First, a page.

History and scope of the literary collections
Famously averse to books in the vernacular, Sir Thomas Bodley’s first catalogue of 1605 described 5000 items, of which 170 were written in English and only three were works of literature: a 1561 Chaucer; Lydgate’s Fall of Princes and Puttenham’s The Art of English Poesie. However, in 1610, Bodley entered into an agreement with the Stationers’ Company of London to supply the Bodleian Library with copies of every new book published in England. From this time on, books in English became one of the Library’s strengths, although the uptake was always selective and well into the nineteenth century plays, novels and (to a lesser extent) poetry, were not claimed as copyright.
Holdings from the seventeenth century
The acquisition of English literary manuscripts began in earnest in the late seventeenth century, when the Library started to develop its now internationally important collections relating to this period. Most lavish among its benefactors was Richard Rawlinson who, in 1755, bequeathed nearly 2,000 books and upwards of 4,800 manuscripts. Among the manuscripts were more than 250 now assigned to Bodleian’s Rawlinson Poetry classification, consisting mostly of plays and poetical miscellanies, memorably the Shakespeare attribution ‘Shall I die, shall I fly’ (MS. Rawl. poet. 160, fol. 8v). Seventy years later, the Bodleian was able to augment its holdings of Elizabethan drama and poetry by the 1821 gift of Edmund Malone’s extensively annotated early printed editions, including the famous Shakespeare Quartos and works by Beaumont and Fletcher, Chapman, Greene, Jonson and Massinger.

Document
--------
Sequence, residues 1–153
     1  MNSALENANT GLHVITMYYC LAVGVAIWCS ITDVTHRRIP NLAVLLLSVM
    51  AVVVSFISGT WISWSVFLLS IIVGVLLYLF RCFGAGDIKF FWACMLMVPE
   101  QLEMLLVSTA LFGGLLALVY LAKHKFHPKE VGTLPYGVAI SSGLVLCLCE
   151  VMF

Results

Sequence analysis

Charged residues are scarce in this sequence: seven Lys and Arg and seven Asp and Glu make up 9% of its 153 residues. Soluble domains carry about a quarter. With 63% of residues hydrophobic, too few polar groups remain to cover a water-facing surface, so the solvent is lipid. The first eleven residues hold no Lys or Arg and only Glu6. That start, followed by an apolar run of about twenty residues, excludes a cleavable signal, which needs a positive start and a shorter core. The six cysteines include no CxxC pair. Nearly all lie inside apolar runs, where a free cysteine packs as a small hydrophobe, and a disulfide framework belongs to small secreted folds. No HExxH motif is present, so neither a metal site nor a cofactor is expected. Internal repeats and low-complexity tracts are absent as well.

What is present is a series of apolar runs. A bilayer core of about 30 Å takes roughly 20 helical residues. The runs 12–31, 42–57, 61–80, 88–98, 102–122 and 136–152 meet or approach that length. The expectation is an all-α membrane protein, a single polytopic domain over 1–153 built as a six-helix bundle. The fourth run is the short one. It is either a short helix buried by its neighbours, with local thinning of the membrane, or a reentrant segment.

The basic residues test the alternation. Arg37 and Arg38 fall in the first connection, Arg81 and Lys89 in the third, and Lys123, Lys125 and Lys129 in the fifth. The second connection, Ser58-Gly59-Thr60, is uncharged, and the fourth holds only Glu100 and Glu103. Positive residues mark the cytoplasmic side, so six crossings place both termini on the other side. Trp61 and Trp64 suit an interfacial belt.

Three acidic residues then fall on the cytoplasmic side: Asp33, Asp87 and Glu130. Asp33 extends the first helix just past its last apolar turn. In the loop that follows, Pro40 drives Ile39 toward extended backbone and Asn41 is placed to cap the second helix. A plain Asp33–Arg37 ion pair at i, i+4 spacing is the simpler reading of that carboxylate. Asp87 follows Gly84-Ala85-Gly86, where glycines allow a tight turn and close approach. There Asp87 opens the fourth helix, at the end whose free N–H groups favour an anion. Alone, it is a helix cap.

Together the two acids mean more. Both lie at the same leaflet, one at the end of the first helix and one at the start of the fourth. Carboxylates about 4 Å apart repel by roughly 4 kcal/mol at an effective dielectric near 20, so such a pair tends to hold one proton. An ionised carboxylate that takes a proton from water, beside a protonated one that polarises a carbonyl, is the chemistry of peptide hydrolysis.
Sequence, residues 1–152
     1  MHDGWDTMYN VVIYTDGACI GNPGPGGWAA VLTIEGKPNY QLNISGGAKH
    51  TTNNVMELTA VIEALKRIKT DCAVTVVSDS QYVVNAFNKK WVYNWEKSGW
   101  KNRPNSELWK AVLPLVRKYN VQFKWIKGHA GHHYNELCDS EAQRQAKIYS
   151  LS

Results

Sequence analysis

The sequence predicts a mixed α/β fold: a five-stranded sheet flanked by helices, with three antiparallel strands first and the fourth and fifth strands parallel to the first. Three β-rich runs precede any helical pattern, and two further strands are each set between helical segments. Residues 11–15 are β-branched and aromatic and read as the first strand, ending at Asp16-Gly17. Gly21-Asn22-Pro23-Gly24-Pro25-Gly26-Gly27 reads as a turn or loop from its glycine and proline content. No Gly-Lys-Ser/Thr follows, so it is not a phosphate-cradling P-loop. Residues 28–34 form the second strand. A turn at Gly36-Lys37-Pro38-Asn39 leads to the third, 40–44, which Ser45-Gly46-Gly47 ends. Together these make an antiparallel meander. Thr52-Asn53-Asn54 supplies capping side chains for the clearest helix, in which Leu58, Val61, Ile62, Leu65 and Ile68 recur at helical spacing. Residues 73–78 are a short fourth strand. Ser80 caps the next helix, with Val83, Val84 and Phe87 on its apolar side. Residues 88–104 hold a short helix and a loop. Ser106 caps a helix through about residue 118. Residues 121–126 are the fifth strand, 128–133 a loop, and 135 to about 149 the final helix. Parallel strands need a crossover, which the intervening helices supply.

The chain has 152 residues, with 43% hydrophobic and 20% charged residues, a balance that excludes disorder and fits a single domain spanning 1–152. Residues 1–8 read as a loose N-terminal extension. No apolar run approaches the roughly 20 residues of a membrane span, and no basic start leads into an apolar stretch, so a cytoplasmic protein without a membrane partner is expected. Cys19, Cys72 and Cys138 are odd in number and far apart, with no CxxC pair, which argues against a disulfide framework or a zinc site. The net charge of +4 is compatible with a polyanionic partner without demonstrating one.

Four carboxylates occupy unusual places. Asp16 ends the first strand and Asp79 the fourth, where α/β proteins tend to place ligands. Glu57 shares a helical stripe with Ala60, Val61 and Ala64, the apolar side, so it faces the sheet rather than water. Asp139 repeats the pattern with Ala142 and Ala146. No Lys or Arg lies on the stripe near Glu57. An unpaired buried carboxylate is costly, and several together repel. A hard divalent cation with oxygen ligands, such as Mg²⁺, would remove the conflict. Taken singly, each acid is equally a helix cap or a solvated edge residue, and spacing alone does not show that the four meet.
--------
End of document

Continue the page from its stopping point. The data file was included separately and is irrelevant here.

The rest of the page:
In the nineteenth century, another great Bodleian benefactor, Francis Douce, bequeathed his vast library. Among the 17,000 books and nearly 500 manuscripts and charters were curiosities of literature often overlooked by other collectors: chapbooks and children’s penny books, as well as poems, songs, ballads and popular plays, spanning the 17th and 18th centuries.
Later acquisitions have included two important purchases: the first, in 1952, from P.J. Dobell, of four Thomas Traherne manuscripts, including ‘Centuries of Meditations’ as it is familiarly-known (MS. Eng. th. e. 50), and two manuscripts of John Donne poems: the only surviving complete English autograph, ‘A Letter to the Lady Carey’ (MS. Eng. poet. d. 197) and Nathaniel Rich’s variant copy of 'Meditation upon a Good Friday'. These two purchases augment the 1960 gift of the 'Merton' and 'Dowden' manuscripts of Donne's sermons and poems.
Holdings from the eighteenth and nineteenth centuries
The Bodleian’s unrivalled holdings are centred on two poets: Percy Bysshe Shelley and his circle, and Gerard Manley Hopkins.
Shelley's manuscripts rank among the finest in the Library’s collections (see also additional Shelley papers, deeds and relics) and have established the Bodleian as a focus for the study of the Romantic movement. As well as Shelley’s own papers, the Library houses manuscripts relating to Mary Shelley and her family, and the papers of William Godwin and Mary Wollstonecraft.